Operative vaginal delivery (OVD), either vacuum or forceps, can be used to expedite vaginal delivery. While rates of OVD have been reducing worldwide, rates in Ireland remain high. The Robson Ten Group Classification System (TGCS) was originally created to compare rates of caesarean delivery between healthcare units, although no similar system exists for the analysis of OVD.
We sought to examine rates of OVD using the TGCS in an effort to understand which patient groups make significant contributions to the overall rate of OVD.
Materials and Methods
This is a retrospective cohort study of all women delivering in a tertiary‐level university institution in Dublin, Ireland, from 2007 to 2016. Mode of delivery for all patients was extracted from contemporaneously recorded hospital records. Rates of OVD were analysed according to the TGCS, and the contribution of each group to the overall hospital population was calculated.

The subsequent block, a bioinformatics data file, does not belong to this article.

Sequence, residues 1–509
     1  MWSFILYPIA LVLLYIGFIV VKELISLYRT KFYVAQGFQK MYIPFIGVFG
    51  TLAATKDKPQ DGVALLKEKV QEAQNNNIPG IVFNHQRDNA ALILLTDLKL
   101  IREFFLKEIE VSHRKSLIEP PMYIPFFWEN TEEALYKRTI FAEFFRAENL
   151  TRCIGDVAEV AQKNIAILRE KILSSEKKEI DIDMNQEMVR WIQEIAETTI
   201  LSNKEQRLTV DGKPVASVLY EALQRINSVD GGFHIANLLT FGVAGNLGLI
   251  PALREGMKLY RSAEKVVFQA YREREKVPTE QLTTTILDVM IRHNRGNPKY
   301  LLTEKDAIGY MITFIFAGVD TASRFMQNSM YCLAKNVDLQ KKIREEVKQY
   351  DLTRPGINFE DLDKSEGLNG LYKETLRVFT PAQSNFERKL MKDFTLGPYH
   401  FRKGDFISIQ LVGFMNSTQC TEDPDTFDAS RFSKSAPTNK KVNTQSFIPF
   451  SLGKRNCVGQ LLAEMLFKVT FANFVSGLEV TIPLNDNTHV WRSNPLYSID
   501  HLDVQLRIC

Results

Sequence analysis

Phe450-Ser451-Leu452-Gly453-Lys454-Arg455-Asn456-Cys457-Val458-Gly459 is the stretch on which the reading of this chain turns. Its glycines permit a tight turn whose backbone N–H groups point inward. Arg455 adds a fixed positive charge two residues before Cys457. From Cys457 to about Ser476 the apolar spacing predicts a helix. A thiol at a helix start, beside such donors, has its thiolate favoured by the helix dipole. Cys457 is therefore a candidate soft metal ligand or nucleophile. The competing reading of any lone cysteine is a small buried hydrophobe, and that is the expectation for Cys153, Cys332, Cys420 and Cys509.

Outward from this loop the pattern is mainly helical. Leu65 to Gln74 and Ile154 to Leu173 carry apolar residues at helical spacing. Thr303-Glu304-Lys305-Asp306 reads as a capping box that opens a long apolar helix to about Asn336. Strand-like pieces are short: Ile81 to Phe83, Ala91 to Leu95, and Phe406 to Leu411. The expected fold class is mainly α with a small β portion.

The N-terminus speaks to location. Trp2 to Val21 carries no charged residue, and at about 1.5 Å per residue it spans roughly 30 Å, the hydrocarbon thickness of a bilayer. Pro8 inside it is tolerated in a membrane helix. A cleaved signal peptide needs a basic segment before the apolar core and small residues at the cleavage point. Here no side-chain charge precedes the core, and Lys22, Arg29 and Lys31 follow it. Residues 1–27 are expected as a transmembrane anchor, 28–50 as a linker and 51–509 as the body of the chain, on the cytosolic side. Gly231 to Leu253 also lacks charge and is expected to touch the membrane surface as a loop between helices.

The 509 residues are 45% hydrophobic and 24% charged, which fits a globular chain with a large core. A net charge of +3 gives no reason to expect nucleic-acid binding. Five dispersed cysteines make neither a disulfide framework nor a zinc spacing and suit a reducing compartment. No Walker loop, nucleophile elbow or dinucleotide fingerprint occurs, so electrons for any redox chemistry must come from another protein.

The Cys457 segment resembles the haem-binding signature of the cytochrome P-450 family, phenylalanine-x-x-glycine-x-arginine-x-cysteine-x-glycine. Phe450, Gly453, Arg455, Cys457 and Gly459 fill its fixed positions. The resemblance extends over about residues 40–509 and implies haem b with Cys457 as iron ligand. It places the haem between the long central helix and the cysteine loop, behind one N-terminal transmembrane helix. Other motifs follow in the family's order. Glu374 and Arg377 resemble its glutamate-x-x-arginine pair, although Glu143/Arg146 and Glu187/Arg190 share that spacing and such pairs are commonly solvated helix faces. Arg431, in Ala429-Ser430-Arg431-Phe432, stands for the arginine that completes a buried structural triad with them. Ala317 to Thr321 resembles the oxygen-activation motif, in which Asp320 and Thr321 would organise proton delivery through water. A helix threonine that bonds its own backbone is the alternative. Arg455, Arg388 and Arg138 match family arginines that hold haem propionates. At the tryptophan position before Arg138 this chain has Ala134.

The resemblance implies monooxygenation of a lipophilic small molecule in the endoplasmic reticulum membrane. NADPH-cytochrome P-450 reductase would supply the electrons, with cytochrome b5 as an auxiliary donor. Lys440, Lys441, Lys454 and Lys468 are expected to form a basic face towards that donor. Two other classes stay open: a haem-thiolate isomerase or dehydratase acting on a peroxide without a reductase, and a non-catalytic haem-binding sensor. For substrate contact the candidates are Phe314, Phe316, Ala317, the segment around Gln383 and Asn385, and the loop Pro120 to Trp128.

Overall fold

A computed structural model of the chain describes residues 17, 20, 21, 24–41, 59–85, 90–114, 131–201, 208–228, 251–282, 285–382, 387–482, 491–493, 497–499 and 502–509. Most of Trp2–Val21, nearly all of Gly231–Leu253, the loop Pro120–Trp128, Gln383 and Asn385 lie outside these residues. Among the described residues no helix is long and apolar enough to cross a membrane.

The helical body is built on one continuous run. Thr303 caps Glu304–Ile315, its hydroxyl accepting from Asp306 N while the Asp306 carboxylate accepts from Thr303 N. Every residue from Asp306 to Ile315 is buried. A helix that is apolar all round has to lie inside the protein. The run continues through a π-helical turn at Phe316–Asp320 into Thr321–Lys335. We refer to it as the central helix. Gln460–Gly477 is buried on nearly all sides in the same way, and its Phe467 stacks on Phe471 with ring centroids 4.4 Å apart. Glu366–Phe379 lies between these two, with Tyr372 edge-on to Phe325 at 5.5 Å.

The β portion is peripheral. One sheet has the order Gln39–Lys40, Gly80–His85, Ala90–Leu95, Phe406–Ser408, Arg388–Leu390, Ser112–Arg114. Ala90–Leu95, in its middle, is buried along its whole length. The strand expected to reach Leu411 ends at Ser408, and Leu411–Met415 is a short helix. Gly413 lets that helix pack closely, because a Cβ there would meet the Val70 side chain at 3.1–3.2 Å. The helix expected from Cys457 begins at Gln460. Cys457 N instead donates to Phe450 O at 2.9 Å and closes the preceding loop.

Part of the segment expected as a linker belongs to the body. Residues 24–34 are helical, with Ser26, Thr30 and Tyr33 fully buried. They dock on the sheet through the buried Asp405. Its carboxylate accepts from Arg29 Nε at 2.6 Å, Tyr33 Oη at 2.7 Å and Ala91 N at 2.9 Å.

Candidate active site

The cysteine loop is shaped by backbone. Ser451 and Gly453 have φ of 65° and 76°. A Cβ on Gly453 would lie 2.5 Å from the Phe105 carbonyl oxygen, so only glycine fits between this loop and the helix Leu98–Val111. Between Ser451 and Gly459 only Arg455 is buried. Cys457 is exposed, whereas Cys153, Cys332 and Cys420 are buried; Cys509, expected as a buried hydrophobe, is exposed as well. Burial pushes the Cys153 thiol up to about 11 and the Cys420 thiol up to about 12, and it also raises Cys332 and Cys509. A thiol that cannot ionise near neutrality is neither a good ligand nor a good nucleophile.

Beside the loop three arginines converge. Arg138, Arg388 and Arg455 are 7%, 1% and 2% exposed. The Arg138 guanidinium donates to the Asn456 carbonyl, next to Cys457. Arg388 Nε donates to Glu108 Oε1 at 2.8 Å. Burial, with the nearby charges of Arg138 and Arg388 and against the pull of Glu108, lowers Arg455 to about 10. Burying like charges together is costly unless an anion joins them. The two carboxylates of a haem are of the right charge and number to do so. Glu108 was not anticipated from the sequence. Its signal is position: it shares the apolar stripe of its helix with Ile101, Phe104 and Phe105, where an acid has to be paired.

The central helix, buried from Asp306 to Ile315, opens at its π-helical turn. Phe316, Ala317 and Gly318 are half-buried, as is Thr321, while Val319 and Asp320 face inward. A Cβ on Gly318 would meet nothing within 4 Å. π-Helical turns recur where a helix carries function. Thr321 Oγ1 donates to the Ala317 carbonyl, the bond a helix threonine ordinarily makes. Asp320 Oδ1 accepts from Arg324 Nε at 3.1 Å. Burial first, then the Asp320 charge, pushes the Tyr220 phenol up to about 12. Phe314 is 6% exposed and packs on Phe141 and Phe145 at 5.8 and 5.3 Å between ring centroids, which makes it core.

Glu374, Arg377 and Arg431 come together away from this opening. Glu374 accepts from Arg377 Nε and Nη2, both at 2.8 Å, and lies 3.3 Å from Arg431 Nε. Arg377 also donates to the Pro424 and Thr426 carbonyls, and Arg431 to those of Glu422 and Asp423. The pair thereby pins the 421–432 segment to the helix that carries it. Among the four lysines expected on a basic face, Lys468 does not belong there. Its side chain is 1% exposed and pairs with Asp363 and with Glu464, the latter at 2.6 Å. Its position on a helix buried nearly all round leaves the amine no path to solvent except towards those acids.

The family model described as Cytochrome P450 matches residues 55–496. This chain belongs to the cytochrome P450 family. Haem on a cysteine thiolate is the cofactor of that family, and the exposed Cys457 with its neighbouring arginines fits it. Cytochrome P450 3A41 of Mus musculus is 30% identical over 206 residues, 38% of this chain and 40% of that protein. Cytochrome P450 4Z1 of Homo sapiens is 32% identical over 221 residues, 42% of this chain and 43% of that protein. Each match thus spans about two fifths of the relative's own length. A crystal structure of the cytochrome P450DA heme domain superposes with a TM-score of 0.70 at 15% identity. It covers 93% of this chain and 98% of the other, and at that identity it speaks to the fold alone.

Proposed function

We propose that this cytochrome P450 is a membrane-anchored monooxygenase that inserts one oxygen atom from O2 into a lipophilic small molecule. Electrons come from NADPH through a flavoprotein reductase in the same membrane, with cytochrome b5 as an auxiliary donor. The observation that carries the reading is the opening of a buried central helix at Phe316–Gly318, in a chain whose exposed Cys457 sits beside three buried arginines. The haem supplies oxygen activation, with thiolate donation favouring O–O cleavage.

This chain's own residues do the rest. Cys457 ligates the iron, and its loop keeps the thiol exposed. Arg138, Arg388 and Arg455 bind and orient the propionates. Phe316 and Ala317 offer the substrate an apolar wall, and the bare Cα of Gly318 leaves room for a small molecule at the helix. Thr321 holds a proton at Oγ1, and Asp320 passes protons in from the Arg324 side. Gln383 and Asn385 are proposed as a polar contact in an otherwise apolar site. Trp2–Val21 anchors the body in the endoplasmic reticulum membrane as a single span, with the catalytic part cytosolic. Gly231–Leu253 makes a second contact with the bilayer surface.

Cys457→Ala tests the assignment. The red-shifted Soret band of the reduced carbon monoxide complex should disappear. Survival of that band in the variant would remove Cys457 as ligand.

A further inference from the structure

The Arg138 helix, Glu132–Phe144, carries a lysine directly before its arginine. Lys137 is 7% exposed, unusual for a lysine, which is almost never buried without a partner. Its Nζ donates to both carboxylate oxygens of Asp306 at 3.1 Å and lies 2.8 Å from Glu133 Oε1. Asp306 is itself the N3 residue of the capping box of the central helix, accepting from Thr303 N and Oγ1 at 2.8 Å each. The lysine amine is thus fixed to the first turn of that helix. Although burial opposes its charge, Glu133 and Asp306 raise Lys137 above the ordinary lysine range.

There were 86 191 deliveries of women in our institution, of which 19.3% (16 673/86 191) had an OVD. Women in Group 1 (singleton, cephalic, nulliparous women at term in spontaneous labour) contributed the most to the overall rate of OVD, accounting for almost half of all OVDs (46.1% (7679/16 673)). Nulliparous women with a singleton, cephalic fetus at term who were induced (Group 2) were more likely to have an OVD than similar patients who laboured spontaneously (Group 1).
OVD accounts for almost one in five deliveries in our population and is predominately performed in nulliparous women. These groups may be the subject of interventions to lower rates of OVD. The Robson TGCS is a freely available tool to hospitals and birthing centres to facilitate comparison of rates of OVD on local and national levels.